--Abercrombie’s shares cratered about 20% as the teen retailer posted its fourteenth straight quarterly sales drop, down 4.2% in its second quarter [July 31] year-on-year, plus it swung to a loss of $16.8 million, compared with a profit in the year ago period. It didn’t help that the company said the second half would remain challenging.
--Singapore has a huge Zika crisis on its hand, with the number of confirmed cases exceeding 150 in the largest single outbreak of the virus in Asia. At least two pregnant women were among those diagnosed with it as 24 new cases were discovered Wednesday alone, though about half the cases were foreigners, mainly from China, India and Bangladesh, among the hundreds of thousands of migrant workers in Singapore’s construction and marine industries. That said it is the only Asian country with an active transmission of the virus.
Zika is transmitted by the same Aedes mosquito that also spreads dengue – which Singapore has been battling to contain for years.
So in all seriousness, pregnant women are being advised by the U.S., Australia and others not to travel to Singapore.
The thing is, the Singapore Grand Prix takes place in two weeks and that typically attracts 40,000 overseas visitors. Uh oh.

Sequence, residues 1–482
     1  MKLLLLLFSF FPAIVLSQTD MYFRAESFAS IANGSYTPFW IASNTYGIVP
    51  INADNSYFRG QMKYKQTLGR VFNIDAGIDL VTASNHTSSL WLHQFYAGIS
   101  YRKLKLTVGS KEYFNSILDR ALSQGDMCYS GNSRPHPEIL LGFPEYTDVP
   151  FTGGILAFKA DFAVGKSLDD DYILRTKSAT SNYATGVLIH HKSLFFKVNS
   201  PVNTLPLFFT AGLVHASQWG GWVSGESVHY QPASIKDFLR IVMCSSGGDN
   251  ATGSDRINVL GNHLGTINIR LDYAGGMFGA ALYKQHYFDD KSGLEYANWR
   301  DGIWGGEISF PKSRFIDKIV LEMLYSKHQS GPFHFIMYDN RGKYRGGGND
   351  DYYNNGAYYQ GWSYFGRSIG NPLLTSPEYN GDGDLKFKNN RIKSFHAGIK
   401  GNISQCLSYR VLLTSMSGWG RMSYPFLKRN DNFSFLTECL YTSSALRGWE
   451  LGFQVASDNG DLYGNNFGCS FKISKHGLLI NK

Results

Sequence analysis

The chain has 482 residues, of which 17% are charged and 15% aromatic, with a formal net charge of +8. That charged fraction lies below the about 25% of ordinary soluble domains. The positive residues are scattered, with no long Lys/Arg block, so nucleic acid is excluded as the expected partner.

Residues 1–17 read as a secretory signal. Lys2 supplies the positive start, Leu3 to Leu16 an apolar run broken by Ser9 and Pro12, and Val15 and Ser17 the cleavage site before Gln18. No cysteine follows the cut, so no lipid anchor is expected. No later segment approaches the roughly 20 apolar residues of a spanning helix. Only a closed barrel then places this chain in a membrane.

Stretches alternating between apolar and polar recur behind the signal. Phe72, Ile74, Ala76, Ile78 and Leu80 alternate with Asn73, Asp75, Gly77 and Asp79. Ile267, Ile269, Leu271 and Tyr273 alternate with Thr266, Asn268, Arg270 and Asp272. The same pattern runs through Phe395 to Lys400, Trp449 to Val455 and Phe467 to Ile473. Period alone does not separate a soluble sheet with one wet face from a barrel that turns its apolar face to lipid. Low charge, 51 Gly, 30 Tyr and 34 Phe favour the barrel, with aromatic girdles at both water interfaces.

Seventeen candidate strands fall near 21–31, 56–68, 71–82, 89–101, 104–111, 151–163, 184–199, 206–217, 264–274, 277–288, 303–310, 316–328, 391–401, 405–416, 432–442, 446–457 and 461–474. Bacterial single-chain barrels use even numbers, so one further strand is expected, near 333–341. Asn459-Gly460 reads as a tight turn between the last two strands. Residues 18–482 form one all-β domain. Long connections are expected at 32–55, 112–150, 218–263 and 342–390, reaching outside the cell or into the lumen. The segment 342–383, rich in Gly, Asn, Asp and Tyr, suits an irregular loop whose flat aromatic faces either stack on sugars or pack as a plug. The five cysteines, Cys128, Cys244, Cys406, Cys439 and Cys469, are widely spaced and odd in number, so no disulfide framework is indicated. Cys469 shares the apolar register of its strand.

Meanwhile, Malaysia confirmed its first case the other day, a woman who had recently arrived from Singapore.
--Good news out of Macau. After 26 straight months of declining gaming revenue, gross revenue rose by 1.1% year-on-year in August, up from a contraction of 4.5% in July, according to figures released by the Gaming Inspection and Coordination Bureau.
The once white-hot former Portuguese colony has been suffering from the economic slowdown in the mainland and President Xi Jinping’s crackdown on corruption, and gross gaming revenue fell 34% last year, with another 13% decline forecast for 2016.
But with new multi-billion dollar resorts being launched, casino owners are hoping (praying) that a wider range of customers will replace the revenue lost from the high rollers. These same properties, though, may just cannibalize their existing ones.